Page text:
• 4, 5 The defendant next argues that his conviction should be reversed because the State failed to produce the brown paper bag at the trial. The investigating officer who testified, stated that the bag was given to the police department's crime laboratory shortly after the attempted robbery, that identifiable fingerprints were not found on the bag, and that he had tried to locate it before he came to court but had been unable to do so. The defendant contends that the failure to produce the bag denied him due process of law. The cases cited by him do not support his contention. In Giles v. Maryland (1967), 386 U.S. 66, 17 L.Ed.2d 737, 87 S.Ct. 793, the case was remanded to determine whether the existence of evidence which (although unmentioned in the record) was brought before the court at its request gave rise to a violation of due process in the circumstances of that case. In the instant case there was no evidence that the police were in possession of the bag. Miller v. Pate (1967), 386 U.S. 1, 17 L.Ed.2d 690, 87 S.Ct. 785, involved a case where the prosecution said during the trial that a pair of shorts were blood-stained when it knew from laboratory analysis that the stains were paint. Due process violations have been found where the prosecution purposefully suppressed available evidence that was favorable to the defendant (People v. Murdock (1968), 39 Ill.2d 553, 237 N.E.2d 442) or where the court could reasonably infer that the State had refused to disclose evidence that might exculpate a defendant (People v. Flowers (1972), 51 Ill.2d 25, 281 N.E.2d 299; People v. Hoffman (1965), 32 Ill.2d 96, 203 N.E.2d 873), but here there was no reason to believe that the State was purposefully hiding the bag. There may be instances where due process would require a new trial if the police lost confiscated evidence through their negligence and thus deprived a defendant of the opportunity of seeing whether the evidence might be helpful in his defense, but this is not one of them.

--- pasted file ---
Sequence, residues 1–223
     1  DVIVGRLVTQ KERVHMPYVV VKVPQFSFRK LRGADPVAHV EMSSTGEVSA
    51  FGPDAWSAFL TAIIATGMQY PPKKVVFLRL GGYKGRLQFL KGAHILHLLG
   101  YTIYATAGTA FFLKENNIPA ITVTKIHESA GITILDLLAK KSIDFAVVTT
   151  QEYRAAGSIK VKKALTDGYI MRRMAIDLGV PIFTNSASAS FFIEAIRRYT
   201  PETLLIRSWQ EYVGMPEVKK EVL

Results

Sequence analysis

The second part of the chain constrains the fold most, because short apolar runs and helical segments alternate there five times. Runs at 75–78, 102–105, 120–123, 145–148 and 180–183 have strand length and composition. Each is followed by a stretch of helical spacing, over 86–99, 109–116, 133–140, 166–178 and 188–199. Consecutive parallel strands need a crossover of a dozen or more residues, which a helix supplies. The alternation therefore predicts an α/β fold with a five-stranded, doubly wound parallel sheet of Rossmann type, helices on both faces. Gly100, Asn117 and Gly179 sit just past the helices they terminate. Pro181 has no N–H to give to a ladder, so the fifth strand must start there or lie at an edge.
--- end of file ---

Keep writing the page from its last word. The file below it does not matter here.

Related to the due process claim is the argument that the State's failure to produce the bag created a negative inference that the evidence was favorable to the defendant. In some circumstances a failure to produce evidence or call a person as a witness may justifiably give rise to an inference against the State. However, the circumstances of this case and the case law discussed by the defendant provide no support for such an inference (Cf. People v. King (1973), 10 Ill. App.3d 652, 295 N.E.2d 258 (failure of a raped woman to have initially told a detective that she had seen the accused several times before the rape gave rise to a negative inference that the rapist was someone other than the defendant); People v. Jones (1966), 73 Ill. App.2d 55, 219 N.E.2d 12 (unexplained failure to call a police informer as a witness may give rise to an inference against the State); People v. DiVito (1966), 66 Ill. App.2d 282, 214 N.E.2d 320 (unexplained failure to call a witness may give rise to a negative inference where the complaining party never identified the accused as the robber and another witness to the crime was never called); People v. Roe (1965), 63 Ill. App.2d 452, 211 N.E.2d 552 (victim's failure to name the defendant as the assailant when he knew the defendant by name and saw the assailant created a reasonable doubt whether the defendant was guilty.) No inference would be justified from the facts of the present case that the police thought the evidence was favorable to the defendant and had purposefully suppressed it.